Georgetown Square in Georgetown, Texas. This historic district is listed on the National Register of Historic Places.
Photo By Wouter van Erve
Georgetown, Texas was once a sleepy town, and was never really considered part of the Austin hustle and bustle. But, with the growth around metro Austin and the addition of major arterial highways leading north out of the city, this is changing rapidly.
While not a bedroom community for Austin, Georgetown Texas is a great alternative for those wanting a slightly slower paced life, proximity to Austin, and perhaps a little room to spread out. Located about 30 miles north of downtown Austin, Georgetown is best known for its old-fashioned courthouse square, fully renovated and functioning 100+ year old courthouse, and charming Main Street historic district. The Williamson County Courthouse Historic District was put on the National Register of Historic Places in 1977.
Georgetown’s Square, and the city itself, is really a must-see for anyone considering relocation to the area. There are numerous dining options around The Square, as well as a local winery, and ample shopping options to appeal to a variety of consumer tastes and budgets.
Perhaps less known about Georgetown, Texas is the abundance of one-acre, restricted neighborhoods located around the city. Most of these neighborhoods are just outside the city limits, yet they feature many of the creature comforts that growing families want in more traditional neighborhood settings.
The city is also home to a “city within a city.” Sun City, Texas is a 5,000+ acre age restricted community for people 50+. The location of this retirement community in Georgetown was originally hotly contested; many residents feared a retirement community was not the youthful image that Georgetown wanted to present. However, the residents of Sun City now make up more than a third of Georgetown’s total population.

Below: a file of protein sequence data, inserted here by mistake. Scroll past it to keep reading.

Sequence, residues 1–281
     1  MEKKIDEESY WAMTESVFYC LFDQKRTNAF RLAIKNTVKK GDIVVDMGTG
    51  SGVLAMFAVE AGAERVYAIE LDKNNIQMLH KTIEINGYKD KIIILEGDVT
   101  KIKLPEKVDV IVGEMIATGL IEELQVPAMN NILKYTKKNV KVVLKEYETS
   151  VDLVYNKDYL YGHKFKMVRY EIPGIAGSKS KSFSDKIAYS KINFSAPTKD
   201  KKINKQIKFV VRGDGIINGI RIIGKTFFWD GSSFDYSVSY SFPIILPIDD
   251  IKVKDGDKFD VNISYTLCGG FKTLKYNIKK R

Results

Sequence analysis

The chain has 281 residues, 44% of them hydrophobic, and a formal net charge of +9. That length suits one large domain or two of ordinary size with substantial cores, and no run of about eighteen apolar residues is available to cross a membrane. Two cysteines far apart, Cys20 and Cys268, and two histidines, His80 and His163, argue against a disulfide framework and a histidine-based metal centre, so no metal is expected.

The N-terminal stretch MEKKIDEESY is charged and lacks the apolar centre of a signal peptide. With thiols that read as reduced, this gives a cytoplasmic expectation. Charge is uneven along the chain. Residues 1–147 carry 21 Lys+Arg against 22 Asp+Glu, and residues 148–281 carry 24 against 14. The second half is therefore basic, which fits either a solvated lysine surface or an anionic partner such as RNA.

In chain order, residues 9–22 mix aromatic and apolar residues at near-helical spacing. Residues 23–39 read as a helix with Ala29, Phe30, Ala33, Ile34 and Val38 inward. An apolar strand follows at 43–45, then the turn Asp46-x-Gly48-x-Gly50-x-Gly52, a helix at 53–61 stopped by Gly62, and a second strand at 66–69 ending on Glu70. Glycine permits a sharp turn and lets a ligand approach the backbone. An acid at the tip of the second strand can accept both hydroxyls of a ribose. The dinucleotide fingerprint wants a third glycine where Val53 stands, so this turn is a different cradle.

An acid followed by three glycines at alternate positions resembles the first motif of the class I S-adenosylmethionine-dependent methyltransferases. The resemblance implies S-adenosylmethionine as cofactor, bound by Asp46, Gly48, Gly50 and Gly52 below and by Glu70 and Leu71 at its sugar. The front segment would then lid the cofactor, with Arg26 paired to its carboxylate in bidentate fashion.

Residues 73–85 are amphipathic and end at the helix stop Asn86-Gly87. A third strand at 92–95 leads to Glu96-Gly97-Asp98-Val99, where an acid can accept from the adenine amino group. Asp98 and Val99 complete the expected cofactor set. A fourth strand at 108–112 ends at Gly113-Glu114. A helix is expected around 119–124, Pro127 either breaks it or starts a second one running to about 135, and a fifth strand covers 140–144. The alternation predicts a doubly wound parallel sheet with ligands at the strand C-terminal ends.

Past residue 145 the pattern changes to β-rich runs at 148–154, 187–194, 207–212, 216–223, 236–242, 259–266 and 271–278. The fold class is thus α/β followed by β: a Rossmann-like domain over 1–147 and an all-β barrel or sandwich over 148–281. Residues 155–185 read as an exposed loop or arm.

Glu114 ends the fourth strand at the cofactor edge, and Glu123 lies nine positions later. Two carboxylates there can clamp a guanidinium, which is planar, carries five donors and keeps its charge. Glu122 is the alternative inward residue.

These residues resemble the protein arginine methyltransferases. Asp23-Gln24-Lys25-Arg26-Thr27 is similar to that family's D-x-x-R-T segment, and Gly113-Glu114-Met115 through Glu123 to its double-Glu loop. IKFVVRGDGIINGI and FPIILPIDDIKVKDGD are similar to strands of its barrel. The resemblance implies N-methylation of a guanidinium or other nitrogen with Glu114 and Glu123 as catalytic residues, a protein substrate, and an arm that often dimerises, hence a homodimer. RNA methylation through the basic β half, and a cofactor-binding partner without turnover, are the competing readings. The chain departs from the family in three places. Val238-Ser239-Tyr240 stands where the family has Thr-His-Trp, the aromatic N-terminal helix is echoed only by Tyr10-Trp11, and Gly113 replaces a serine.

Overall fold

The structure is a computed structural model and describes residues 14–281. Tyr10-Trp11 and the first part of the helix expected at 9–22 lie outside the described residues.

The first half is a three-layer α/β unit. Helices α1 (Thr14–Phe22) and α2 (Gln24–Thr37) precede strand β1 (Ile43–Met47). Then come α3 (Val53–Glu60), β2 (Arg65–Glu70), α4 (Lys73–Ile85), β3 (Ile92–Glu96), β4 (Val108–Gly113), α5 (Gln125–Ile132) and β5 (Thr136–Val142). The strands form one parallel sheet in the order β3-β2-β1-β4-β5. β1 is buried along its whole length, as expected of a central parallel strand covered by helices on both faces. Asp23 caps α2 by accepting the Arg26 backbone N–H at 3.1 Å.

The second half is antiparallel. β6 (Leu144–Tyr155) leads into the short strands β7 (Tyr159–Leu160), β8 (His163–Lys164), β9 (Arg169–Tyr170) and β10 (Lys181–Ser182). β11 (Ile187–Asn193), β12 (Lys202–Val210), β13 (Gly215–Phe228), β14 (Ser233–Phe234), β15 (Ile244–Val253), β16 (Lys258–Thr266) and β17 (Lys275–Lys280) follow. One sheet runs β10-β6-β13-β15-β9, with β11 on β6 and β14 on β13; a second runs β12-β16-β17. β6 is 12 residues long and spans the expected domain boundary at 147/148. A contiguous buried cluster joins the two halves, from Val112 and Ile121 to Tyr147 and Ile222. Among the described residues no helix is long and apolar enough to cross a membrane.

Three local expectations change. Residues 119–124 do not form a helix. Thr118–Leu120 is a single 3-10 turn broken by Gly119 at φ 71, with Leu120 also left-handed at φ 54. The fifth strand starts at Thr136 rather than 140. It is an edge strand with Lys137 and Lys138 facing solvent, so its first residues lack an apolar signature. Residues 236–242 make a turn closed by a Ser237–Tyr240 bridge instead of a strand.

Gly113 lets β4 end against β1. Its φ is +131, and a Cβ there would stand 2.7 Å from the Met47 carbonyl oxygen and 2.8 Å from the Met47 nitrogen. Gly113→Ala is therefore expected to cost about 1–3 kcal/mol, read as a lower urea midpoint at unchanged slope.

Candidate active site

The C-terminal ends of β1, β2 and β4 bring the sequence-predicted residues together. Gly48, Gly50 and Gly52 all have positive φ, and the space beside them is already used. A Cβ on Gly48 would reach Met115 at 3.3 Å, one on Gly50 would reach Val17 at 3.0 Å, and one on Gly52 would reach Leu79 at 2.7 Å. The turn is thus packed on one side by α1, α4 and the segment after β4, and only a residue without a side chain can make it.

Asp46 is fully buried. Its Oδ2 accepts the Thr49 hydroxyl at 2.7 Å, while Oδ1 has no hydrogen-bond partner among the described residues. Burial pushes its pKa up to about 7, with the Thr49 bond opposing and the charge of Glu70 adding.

The area east of Georgetown is highly agricultural, with cotton being the primary crop. The area to the west of the city features hilly, limestone terrain. Inner Space Cave, to the south of Georgetown is a major tourist attraction, featuring karst formations.
Amenities and more in Georgetown, Texas
Many have neighborhood common areas, and hiking trails, as well as easy access to Lake Georgetown and the trail system that surrounds the lake. Some homesites also have lake or panoramic views of the Hill Country. These neighborhoods primarily exist on the west side of town, yet many are less than 10 minutes from downtown Georgetown and I-35.
Most rely on an individually owned septic system and, while a septic system can be a deterrent for some buyers, many homeowners find few complications from a modern septic system. Even better, most homeowners will also realize a reduced property tax bill since the house doesn’t require city sewer services. Local private water districts commonly provide water to these areas, too; most do not require well water.
Options for all
Buyers considering a home on a one-acre lot in Georgetown, Texas can expect to find a wide range of prices and options, with many homes built by local custom and semi-custom builders. Modern options in both new and resale homes include tile or wood floors, granite counters, and large outdoor living features like built-in BBQ stations. With such large homesites, pools and playscapes are a perfect fit in these oversized back yards.
For those considering building their dream home on an oversized home-site, plan on a five month window to dsign and build your home. Custom and semi-custom new homes on these acre lots in Georgetown start around $325,000. There are also plenty of resale options here; with approximately 100 resale homes regularly on the market, prices for resale homes start around $250,000.
Georgetown is a perfect option for those who want some distance from the big city life of Austin. The community should be added to anyone’s short list of areas to consider when relocating to Central Texas. While there are plenty of more traditional neighborhoods in Georgetown, Texas, those moving to the metro Austin area might want to consider owning a home that sits on an acre or more – it’s even more outdoor space to enjoy a new life in Central Texas.
History of Georgetown
Settlers were originally drawn to the Georgetown area because of the fertile black soil in the eastern portion. Land for the city was donated by George Washington Glasscock and the city was named for him. The opening of Southwestern in 1840 was a major boon for the area. In 1848, the city was named as the county seat of the newly formed Williamson County.
Georgetown, Texas has continued to grow in the twentieth century, especially since Interstate 35 was run through it. While it has not experienced the booming growth of areas such as Round Rock, this neighbor of Austin, Texas is still a vibrant city.Contributed by Billy Kurtz, Kurtz Properties, Georgetown, TX